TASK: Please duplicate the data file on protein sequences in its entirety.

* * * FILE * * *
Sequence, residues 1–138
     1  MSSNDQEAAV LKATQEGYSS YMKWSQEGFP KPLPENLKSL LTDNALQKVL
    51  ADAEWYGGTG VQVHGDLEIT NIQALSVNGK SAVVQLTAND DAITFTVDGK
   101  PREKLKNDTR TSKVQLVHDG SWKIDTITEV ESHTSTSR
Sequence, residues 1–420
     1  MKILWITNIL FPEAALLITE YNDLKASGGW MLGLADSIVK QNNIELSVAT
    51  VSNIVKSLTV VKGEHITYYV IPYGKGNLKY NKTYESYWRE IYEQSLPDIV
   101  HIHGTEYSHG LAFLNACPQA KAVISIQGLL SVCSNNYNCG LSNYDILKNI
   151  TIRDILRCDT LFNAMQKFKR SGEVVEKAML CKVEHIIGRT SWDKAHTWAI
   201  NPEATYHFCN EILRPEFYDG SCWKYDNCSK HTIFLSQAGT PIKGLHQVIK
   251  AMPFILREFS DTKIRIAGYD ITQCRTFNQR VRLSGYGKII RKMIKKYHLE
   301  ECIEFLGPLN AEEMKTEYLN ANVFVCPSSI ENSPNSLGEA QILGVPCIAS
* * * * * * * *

Sequence, residues 1–138
     1  MSSNDQEAAV LKATQEGYSS YMKWSQEGFP KPLPENLKSL LTDNALQKVL
    51  ADAEWYGGTG VQVHGDLEIT NIQALSVNGK SAVVQLTAND DAITFTVDGK
   101  PREKLKNDTR TSKVQLVHDG SWKIDTITEV ESHTSTSR
Sequence, residues 1–420
     1  MKILWITNIL FPEAALLITE YNDLKASGGW MLGLADSIVK QNNIELSVAT
    51  VSNIVKSLTV VKGEHITYYV IPYGKGNLKY NKTYESYWRE IYEQSLPDIV
   101  HIHGTEYSHG LAFLNACPQA KAVISIQGLL SVCSNNYNCG LSNYDILKNI
   151  TIRDILRCDT LFNAMQKFKR SGEVVEKAML CKVEHIIGRT SWDKAHTWAI
   201  NPEATYHFCN EILRPEFYDG SCWKYDNCSK HTIFLSQAGT PIKGLHQVIK
   251  AMPFILREFS DTKIRIAGYD ITQCRTFNQR VRLSGYGKII RKMIKKYHLE
   301  ECIEFLGPLN AEEMKTEYLN ANVFVCPSSI ENSPNSLGEA QILGVPCIAS